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I received a copy of this ebook from the author in exchange for an honest review.
Hannah Bradbury worried about her father all the time since, as a photographer, he traveled to some of most dangerous places on the planet. When her father would come home, he would always bring back little gifts for her, gifts that he said had magical powers. She believed in her father, but she never truly believed in the magic of the gifts. The most unbelievable of them was what he claimed to be Aladdin's Lamp - you know, a genie, three wishes, and all of that - but to her it just looked like an old ugly teapot. Regardless, he did his best convince her that it's entirely real and to save her three wishes for something important. Then, when her father died six months later on assignment in Baghdad, Iraq, she surprises herself by taking out that ugly teapot and giving it a rub...just in case his stories were true after all.
I'm so glad I took a chance on Fred Holmes's debut novel, The Ugly Teapot, Book One: Hannah. It's a fantastically adventurous and heartwarming story of what a girl will do to save her father. The novel, which is aimed at upper middle grade readers and lower young adult readers, is very vivid and visual and the writing is quite fluid and fast-paced. Once you dive into the world Holmes has created you won't want to put it down for fear of missing out on Hannah's adventures even though it also deals with heavy subjects like the loss of a loved one and grief.
As a main character, Hannah is fantastic. She's brave, imaginative, loving, strong, and very relatable. Throughout the course of the story, it's easy to understand why she makes the decisions that she makes. I also have to mention Griff, Hannah's loyal dog. The two friends have quite a bond and Griff is even able to communicate telepathically with his human. In regards to V, Hannah's mother, I was pleased to see their relationship develop further and that V even gets a few perspective chapters which help us figure out more of the truth.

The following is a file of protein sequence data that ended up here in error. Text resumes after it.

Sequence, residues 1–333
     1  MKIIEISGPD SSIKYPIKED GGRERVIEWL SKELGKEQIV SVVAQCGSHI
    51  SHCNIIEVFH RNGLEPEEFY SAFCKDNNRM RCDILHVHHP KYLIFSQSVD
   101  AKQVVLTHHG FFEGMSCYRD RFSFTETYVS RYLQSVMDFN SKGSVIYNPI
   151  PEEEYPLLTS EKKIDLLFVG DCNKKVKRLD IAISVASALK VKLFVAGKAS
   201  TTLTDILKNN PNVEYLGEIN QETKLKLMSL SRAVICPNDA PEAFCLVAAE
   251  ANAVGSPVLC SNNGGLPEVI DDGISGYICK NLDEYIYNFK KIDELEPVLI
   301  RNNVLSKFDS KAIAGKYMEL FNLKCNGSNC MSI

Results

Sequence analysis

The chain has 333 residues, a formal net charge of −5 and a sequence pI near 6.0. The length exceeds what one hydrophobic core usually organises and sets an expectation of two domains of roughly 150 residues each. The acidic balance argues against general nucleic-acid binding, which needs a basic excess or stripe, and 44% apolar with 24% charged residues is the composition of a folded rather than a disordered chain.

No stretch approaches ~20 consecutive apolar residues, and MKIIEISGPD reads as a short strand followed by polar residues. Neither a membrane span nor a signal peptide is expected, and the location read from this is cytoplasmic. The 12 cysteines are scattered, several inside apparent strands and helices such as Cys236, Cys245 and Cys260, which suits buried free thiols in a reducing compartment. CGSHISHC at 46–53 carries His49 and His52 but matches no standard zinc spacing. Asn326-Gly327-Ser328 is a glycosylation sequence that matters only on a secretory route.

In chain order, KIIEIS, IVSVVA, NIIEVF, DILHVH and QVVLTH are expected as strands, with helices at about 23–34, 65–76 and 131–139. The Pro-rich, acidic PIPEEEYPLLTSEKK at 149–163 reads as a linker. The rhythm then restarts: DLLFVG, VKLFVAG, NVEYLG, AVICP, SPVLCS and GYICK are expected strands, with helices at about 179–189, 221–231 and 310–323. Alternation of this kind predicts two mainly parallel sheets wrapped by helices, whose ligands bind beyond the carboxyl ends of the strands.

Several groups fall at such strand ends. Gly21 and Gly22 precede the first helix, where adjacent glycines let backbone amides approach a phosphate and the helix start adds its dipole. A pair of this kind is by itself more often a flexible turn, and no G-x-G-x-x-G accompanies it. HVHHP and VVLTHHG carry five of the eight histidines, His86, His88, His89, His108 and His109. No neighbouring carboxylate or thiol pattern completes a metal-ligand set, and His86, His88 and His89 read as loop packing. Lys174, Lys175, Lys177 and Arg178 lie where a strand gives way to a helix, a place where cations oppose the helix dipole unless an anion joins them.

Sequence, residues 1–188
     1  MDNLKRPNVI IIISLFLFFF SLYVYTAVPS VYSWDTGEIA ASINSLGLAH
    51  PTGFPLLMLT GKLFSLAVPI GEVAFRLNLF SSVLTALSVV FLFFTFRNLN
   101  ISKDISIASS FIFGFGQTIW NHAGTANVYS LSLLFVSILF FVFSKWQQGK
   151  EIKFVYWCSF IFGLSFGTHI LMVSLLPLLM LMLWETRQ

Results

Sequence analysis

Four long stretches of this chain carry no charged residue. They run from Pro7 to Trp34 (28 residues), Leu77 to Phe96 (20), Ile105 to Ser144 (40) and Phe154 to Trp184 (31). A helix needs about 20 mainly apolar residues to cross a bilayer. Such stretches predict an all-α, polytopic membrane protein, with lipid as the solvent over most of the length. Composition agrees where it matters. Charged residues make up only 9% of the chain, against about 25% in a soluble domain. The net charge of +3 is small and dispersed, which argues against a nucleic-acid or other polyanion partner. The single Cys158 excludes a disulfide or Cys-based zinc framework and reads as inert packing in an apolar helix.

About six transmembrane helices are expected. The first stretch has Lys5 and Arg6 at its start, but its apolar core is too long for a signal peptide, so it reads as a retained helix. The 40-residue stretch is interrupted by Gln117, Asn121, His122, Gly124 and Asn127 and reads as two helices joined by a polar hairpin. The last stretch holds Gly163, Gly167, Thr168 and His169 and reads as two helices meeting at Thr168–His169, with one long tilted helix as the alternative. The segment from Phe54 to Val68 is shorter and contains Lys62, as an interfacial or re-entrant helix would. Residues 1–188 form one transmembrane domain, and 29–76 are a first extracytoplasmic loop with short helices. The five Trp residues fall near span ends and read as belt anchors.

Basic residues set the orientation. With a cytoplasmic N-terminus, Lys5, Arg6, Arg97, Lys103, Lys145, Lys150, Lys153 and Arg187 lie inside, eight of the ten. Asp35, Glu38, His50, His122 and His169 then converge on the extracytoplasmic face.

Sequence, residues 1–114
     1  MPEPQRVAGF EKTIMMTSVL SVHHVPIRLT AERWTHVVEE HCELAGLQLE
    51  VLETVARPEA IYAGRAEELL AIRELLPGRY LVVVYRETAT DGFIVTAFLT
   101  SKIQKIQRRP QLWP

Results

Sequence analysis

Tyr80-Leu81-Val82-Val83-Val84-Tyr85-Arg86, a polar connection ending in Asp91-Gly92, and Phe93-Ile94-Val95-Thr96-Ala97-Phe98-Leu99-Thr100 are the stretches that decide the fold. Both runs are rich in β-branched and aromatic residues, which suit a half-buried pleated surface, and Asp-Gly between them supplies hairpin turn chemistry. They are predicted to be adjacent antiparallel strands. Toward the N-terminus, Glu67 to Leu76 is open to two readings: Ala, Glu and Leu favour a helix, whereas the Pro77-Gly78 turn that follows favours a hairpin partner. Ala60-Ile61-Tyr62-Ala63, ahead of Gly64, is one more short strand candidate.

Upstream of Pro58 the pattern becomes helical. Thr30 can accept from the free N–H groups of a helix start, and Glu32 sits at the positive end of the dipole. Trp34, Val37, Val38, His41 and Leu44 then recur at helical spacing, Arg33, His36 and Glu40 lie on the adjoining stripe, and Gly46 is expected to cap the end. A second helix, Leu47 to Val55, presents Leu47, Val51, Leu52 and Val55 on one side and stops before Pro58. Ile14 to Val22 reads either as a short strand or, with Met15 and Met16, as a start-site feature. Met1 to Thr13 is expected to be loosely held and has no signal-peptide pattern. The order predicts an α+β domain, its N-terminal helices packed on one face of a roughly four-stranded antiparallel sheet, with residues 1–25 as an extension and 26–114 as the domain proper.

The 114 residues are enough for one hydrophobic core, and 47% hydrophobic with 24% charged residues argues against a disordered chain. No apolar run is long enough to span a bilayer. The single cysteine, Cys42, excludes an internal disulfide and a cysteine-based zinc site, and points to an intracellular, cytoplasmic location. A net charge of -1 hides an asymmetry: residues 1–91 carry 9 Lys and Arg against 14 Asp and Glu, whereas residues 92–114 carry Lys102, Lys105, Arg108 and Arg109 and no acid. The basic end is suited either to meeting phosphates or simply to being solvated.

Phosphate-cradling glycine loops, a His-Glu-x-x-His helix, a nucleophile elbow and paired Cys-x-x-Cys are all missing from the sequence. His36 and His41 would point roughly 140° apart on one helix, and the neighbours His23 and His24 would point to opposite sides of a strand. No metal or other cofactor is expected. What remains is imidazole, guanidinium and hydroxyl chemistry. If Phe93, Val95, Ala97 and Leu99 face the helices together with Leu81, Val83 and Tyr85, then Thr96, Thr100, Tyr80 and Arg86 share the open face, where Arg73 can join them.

Finally, without spoiling too much, the fantasy elements and magical realism bring the story home. I'm a sucker for world's like the one Hannah finds herself right in the middle of. Aladdin is one of my favorite Disney movies, so I found myself particularly interested in the character of the genie, who is quite different from the movie version voiced by Robin Williams. This genie is more of a calm, almost detached, and well put-together lawyer in comparison, but still just as intriguing. In the end, I only had a couple of issues with the story. Primarily, that's with Griff's telepathy. I couldn't help but wonder why Hannah accepted that as completely normal, but initially didn't want to believe in the magic of that ugly old teapot, aka Aladdin's Lamp. Otherwise, at times, some things seemed to happen almost too quickly and almost blur together, but now that I look back on it I can understand why that was the case.
Overall, I greatly enjoyed The Ugly Teapot, Book One: Hannah by Fred Holmes. As a fan of YA and MG adventure fantasy, I wasn't disappointed. As well as featuring fantastical elements, it's also a touching story that focuses on a girl's unconditional love of her father, as well as grief at the death of a parent. Holmes handles these more difficult subjects just as well as he does the fast-paced action, adventure, and magical wishing. If you like The Bridge to Terabithia by Katherine Paterson and Disney's Aladdin, I expect you might also like The Ugly Teapot by Fred Holmes. I'm looking forward to book two!
I read this ebook from October 6 - 9, 2016 and my review is also on Goodreads. Thanks again, Mr. Holmes!